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Hygiea: Asteroid or Planet?

Hygiea: Asteroid or Planet?

Black and white image of a circular Hygiea with

Two billion years ago, one world was destroyed, but a new one was born. Hygiea, the 4th largest asteroid in the main-belt, is the result of this catastrophic disruption of an asteroid. 

A team of researchers, including SETI Institute astronomer Franck Marchis, have successfully imaged Hygeia for the first time. Using an innovative adaptive optics at the ESO VLT (European Southern Observatory Very Large Telescope), located in the Atacama Desert in Chile, the image revealed that this distant main-belt asteroid is a round world. Its spherical shape is probably the product of the way the asteroid formed.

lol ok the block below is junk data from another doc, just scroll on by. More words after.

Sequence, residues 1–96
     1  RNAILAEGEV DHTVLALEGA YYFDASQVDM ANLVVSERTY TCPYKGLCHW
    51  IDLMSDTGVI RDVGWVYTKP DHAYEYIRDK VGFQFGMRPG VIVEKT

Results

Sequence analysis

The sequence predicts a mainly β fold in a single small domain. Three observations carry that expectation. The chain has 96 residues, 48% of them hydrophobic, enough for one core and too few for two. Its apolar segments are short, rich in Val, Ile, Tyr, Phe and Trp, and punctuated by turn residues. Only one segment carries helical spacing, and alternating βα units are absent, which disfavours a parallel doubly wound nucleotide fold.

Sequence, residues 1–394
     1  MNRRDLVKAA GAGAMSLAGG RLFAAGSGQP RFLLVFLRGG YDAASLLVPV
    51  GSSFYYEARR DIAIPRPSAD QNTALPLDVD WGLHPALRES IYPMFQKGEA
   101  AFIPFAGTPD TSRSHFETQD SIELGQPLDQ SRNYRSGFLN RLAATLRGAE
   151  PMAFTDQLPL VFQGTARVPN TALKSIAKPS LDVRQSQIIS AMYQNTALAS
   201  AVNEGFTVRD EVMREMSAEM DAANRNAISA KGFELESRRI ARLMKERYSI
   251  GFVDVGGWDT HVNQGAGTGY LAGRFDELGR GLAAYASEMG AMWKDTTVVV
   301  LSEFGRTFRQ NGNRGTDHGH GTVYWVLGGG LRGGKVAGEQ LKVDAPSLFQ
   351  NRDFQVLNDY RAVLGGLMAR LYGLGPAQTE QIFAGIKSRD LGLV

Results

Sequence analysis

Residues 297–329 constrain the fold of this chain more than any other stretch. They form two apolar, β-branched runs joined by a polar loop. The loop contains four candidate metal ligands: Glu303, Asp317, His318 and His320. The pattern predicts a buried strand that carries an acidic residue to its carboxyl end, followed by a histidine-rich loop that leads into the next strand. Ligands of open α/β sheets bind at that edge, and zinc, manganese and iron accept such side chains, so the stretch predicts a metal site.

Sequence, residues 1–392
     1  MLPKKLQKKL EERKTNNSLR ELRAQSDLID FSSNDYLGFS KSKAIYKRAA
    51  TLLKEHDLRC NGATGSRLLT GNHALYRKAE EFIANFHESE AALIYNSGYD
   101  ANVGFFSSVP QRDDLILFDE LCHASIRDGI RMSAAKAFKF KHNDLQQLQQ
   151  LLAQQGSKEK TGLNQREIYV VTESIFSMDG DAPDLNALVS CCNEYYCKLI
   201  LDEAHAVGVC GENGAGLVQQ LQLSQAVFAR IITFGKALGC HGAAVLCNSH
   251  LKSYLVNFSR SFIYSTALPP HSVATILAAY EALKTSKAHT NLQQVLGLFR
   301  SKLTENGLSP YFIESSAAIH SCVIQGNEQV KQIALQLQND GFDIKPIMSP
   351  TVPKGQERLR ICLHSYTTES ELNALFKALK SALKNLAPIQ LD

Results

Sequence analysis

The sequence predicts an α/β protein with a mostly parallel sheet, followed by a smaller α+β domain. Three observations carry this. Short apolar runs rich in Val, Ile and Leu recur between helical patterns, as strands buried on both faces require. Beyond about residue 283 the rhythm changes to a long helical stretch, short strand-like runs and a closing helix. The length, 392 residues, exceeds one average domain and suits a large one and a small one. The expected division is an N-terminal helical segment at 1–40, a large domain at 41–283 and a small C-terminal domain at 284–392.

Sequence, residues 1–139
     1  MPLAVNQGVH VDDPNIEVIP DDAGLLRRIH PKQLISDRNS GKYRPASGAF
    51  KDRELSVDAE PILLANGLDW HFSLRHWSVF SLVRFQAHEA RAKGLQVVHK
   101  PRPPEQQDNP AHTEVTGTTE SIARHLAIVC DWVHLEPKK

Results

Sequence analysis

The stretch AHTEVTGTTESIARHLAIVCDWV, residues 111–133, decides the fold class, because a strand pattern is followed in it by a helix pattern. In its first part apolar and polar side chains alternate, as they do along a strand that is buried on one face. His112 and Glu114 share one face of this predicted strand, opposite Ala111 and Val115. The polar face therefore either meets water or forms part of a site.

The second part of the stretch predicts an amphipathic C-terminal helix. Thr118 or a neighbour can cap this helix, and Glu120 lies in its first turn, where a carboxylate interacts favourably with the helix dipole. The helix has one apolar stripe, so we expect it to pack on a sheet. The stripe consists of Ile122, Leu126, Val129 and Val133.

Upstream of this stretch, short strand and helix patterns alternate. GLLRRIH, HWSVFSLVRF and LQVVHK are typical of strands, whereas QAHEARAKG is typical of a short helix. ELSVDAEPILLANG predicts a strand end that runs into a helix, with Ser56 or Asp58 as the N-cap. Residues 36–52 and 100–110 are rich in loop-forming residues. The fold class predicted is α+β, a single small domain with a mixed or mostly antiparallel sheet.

This finding confirms that asteroids are mini-geological worlds: some have moons, some have a complicated past life with scars and complex features. 

Because this work shows that Hygiea conforms well to the definition of a Dwarf Planet, the team will request official recognition that the asteroid is a dwarf planet.  The team will make this request through a proposal to the  International Astronomical Union (IAU). 

A new class of ground-based telescopes are currently being constructed, including the Extremely Large Telescope (ELT) which will scope its first light in 2024, and the Giant Magellan Telescope (GMT) which should scope first light in 2023.  With the arrival of these 30-40m class telescopes, this kind of study will be possible for more asteroids, even to the most distant ones beyond the orbit of Neptune.

More information is available here.

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